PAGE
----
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My father whacked me with a piece of wood:
Five flashes of pain across my behind
As he hoisted me by the belt. My shirt
Was pocked with mulberry-stains where Ronnie Flood
Had pelted me all afternoon. I was almost seven.
I’d waited in a blank room in the house and pissed
My pants as he called me to the shed.
All week I hated him, remembering
His confusion as he tried to find
A length of pine to get it quickly done.

            If you count them right,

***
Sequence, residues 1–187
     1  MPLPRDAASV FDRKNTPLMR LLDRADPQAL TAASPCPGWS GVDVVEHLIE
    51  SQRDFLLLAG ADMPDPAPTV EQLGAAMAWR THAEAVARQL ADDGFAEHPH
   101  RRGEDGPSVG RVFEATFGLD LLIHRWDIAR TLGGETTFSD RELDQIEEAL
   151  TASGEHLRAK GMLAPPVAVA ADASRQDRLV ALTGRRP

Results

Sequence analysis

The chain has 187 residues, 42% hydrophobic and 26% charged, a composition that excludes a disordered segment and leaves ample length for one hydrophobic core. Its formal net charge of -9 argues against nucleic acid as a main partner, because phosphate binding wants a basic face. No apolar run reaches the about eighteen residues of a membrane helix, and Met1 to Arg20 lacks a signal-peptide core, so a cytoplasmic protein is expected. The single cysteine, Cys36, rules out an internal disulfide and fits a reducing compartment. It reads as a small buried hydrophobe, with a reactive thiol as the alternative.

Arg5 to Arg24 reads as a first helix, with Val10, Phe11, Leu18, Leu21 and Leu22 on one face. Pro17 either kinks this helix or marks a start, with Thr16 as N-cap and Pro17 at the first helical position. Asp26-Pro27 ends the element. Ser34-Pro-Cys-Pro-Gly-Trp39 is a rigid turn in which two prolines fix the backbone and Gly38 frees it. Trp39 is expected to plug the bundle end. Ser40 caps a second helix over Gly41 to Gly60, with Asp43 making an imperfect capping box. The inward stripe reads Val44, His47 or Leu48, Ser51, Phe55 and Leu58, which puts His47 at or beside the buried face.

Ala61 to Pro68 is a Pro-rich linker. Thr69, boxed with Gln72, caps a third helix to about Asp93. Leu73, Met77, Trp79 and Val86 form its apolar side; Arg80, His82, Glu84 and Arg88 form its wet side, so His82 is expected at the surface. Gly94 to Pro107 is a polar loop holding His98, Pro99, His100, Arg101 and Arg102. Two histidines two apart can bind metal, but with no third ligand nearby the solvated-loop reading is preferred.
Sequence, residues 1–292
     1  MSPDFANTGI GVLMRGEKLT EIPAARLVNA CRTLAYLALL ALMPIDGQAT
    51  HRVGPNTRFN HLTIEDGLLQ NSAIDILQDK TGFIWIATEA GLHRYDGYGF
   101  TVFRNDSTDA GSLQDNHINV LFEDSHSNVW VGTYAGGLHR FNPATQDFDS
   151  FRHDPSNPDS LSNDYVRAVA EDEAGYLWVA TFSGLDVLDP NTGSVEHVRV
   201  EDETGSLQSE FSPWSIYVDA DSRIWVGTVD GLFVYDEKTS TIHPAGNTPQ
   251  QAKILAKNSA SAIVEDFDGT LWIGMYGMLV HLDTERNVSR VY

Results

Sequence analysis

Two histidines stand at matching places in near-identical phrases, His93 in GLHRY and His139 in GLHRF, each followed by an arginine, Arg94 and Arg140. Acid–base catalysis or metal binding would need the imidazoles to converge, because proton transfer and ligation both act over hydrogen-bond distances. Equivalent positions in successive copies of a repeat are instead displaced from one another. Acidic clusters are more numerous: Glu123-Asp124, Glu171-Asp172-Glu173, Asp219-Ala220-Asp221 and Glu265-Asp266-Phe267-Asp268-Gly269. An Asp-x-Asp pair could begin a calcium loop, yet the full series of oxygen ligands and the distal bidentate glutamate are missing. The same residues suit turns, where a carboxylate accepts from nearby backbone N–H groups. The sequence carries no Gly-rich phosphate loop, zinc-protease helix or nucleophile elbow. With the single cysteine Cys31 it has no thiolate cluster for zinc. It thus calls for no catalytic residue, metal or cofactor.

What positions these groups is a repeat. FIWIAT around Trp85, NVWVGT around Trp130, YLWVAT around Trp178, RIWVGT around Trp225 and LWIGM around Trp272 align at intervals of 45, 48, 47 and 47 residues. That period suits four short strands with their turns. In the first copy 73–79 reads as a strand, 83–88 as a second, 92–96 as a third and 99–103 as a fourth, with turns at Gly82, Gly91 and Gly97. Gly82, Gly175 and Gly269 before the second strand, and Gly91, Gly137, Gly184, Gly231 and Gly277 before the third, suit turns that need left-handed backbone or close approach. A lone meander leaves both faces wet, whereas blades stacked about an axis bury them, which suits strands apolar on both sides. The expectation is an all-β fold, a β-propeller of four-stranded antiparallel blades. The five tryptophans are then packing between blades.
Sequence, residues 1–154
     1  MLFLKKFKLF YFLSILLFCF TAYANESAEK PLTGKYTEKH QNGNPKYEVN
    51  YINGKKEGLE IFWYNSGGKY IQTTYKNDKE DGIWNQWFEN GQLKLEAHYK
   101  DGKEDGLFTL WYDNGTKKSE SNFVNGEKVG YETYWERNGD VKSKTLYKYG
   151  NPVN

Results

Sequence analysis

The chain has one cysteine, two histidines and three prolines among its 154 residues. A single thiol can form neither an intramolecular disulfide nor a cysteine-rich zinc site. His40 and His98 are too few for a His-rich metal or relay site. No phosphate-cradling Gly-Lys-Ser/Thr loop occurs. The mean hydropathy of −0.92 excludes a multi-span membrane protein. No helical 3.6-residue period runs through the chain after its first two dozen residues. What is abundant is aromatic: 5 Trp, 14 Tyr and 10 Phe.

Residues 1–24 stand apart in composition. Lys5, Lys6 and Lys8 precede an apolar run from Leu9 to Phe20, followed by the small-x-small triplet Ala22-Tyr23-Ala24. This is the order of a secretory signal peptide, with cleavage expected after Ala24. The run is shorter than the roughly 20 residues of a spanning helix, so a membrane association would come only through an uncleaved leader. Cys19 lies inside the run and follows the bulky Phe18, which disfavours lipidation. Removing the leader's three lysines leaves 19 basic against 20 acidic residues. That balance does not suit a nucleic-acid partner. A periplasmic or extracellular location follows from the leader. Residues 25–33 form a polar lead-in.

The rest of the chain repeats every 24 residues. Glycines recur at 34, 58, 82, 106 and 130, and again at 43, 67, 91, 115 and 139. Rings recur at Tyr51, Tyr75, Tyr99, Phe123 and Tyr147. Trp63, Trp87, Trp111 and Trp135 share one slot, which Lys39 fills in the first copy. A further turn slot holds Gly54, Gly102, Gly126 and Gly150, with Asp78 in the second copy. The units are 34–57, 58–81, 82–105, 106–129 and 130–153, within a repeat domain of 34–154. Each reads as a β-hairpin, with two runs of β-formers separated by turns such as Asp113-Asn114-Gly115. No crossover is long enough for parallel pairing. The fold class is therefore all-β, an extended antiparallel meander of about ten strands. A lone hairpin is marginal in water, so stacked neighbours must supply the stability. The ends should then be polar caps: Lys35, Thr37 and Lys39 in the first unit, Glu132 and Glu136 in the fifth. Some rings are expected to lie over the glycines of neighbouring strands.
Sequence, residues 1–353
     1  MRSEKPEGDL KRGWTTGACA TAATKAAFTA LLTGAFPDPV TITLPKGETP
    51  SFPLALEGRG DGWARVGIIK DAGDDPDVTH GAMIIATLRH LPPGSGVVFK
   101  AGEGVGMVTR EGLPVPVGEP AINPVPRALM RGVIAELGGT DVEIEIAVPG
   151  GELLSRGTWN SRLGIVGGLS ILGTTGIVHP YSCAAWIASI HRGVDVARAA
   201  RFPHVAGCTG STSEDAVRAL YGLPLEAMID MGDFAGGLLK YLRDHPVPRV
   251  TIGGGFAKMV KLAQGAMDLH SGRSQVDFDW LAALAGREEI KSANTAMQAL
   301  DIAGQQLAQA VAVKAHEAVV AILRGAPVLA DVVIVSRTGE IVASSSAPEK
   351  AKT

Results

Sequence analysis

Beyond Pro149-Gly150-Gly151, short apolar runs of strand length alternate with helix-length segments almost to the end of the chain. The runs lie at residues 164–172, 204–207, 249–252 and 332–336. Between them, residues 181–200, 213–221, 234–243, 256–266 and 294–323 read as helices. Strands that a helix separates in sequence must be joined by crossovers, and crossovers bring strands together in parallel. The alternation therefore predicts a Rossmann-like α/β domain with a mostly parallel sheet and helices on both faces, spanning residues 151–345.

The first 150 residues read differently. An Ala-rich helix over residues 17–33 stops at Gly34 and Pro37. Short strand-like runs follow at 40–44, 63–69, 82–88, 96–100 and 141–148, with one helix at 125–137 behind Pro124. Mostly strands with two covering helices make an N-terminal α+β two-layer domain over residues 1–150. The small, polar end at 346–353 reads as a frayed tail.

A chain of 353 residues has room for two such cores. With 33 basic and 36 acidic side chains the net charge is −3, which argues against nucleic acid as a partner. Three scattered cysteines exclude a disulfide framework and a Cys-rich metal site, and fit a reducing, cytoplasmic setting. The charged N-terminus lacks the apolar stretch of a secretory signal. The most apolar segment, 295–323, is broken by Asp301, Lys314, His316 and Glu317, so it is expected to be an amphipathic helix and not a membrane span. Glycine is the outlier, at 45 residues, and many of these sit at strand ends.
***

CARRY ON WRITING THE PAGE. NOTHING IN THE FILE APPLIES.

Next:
That’s more than thirty years ago. Tonight
I walk beside my father and prop his stick
On a rail as we both go down into the water.
One leg’s mostly metal, but in the pool
It floats as he swings up on his back,
Recalling the time he barrelled across
The estuary under the screaming of the gulls.

He looks up at the ceiling, smiles
As all the old heaviness drops away.
I walk him round while the weak arm from the stroke
Kneads the water like a feeding fish, and I say,
Put your head back, you’re doing fine.
The chlorine water slops about his ears
As the big clock on the wall
Measures out the seconds, watches us all.

I stand on toe-point as we both slide down
Into the darker water. It laps
My chin as I grip his belt and hold my father
Weightless on my finger-tips.